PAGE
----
The phytoplankton consume carbon dioxide from the atmosphere. They are food for the zooplankton, which are food for the krill, the fish and the whales. When a whale dies it sinks to the bottom of the ocean, sequestering that carbon for centuries. The International Monetary Fund calculated that a whale is worth [33 tons of CO2]. It was something that scientists had certainly known about, but nobody had ever thought about making a calculation.
What is the single most important thing we can do for the oceans today?
Right now a disproportionate bite out of the ocean is being taken by a relatively small number of countries doing industrial fishing. We’ve got to get over this idea that wildlife from the ocean is essential for our food security. What we now are beginning to understand is the high cost of eating fish. What does it take to make a pound of tuna? A lot of halibut or cod. What makes the halibut? Smaller fish. What do they eat? Krill. Krill eat phytoplankton, zooplankton. Over the years thousands of pounds of phytoplankton make a single pound of tuna. So that tuna is expensive in terms of the carbon that it has captured. The more fish we take out of the sea, the more carbon dioxide gets released into the atmosphere.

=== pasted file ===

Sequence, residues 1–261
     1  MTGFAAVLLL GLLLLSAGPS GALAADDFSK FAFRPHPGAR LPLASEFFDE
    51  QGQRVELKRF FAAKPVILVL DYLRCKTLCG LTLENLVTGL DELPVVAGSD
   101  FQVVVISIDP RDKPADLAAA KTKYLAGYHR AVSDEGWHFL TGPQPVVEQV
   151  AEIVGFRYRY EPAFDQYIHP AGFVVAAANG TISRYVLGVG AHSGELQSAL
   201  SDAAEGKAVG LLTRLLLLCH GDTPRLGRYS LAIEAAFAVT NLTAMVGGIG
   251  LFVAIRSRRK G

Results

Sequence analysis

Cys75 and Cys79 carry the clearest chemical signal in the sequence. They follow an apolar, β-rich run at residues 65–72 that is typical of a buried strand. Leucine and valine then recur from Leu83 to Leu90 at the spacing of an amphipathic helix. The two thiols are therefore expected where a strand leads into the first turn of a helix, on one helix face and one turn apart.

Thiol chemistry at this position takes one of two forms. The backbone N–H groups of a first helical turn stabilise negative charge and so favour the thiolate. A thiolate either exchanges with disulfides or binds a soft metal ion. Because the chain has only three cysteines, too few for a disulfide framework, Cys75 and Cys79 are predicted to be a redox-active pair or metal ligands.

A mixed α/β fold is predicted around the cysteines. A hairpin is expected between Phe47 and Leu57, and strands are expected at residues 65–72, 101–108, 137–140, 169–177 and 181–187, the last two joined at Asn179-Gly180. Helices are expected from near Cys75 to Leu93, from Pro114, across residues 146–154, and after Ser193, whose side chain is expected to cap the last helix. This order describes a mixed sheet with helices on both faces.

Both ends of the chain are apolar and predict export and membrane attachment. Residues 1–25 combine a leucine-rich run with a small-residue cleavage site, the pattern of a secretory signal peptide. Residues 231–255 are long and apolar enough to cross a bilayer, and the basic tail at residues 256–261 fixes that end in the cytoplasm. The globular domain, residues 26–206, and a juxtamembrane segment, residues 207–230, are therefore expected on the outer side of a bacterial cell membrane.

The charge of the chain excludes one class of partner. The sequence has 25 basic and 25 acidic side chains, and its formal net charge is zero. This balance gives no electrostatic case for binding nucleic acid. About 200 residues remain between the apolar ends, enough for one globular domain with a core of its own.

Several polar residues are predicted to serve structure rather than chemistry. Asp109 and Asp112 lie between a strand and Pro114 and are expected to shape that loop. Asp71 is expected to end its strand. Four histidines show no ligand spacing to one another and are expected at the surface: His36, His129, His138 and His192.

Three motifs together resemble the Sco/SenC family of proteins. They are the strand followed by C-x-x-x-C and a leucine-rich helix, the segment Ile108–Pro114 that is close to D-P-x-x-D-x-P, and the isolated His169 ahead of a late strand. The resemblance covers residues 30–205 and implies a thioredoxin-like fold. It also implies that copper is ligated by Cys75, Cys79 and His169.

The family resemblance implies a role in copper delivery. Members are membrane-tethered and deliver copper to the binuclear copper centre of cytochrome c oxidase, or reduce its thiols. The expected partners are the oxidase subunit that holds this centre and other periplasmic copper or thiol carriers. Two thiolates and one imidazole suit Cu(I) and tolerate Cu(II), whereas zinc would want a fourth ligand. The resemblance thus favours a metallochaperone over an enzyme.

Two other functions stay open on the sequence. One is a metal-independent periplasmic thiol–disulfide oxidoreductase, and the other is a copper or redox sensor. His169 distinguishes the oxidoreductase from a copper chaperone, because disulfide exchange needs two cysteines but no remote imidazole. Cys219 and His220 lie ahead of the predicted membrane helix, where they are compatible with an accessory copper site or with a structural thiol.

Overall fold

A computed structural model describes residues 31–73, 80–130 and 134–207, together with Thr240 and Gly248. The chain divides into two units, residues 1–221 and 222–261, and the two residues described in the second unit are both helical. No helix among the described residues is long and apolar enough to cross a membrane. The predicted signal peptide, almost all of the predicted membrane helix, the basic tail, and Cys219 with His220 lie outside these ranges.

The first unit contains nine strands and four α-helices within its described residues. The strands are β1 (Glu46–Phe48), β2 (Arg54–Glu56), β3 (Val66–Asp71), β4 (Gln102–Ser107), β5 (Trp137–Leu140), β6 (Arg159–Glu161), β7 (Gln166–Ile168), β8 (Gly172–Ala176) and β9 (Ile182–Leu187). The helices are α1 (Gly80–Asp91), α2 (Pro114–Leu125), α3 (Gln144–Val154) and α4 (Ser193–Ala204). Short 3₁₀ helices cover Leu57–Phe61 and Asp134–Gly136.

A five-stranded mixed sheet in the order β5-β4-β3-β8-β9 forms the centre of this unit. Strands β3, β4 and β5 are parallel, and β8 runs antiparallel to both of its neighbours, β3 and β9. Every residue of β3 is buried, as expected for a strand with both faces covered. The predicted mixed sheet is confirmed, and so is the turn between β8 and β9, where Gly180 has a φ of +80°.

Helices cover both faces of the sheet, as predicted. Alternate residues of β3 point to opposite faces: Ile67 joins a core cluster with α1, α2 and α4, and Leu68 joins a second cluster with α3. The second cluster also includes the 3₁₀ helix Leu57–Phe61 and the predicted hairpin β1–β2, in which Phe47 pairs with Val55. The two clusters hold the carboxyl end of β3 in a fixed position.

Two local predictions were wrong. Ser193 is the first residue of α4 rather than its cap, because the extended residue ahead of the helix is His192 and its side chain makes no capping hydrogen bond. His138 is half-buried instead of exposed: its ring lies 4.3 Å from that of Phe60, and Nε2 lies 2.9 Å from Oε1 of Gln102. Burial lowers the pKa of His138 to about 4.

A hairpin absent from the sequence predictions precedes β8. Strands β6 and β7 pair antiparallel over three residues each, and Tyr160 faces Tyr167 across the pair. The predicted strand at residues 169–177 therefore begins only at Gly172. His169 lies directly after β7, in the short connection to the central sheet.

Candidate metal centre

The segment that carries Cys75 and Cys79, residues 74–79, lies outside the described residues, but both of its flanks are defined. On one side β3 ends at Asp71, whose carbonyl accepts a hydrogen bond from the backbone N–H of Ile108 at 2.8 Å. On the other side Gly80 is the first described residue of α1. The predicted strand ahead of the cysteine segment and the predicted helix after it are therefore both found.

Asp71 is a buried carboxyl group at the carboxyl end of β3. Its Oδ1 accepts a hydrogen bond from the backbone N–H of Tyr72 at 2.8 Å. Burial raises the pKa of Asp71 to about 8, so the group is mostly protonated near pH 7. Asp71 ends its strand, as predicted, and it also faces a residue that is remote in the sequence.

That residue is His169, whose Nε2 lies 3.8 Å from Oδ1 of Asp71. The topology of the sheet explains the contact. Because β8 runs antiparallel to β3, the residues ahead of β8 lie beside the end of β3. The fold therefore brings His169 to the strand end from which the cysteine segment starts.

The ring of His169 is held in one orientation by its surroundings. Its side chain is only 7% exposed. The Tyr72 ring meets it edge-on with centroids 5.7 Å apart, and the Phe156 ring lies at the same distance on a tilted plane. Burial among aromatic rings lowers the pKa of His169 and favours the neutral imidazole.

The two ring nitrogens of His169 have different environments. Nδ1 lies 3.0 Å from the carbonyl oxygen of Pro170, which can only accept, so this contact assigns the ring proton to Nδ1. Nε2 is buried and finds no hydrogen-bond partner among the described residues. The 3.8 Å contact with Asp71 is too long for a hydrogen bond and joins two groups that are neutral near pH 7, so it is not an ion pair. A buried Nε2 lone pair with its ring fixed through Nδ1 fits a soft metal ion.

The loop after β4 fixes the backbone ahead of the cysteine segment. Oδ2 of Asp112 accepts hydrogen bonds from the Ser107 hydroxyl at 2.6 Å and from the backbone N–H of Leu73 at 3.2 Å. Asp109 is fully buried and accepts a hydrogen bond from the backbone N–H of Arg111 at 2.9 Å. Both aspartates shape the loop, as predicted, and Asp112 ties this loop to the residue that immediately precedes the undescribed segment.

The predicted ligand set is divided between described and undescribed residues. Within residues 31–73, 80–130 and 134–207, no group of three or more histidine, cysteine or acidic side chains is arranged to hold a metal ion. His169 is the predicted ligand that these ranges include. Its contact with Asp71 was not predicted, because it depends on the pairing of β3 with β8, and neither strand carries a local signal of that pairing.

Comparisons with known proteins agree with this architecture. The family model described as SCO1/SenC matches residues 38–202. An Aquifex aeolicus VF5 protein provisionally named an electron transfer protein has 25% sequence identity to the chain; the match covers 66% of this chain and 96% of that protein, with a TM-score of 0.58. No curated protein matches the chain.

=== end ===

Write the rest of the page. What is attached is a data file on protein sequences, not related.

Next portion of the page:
What is the biggest threat to the ocean right now?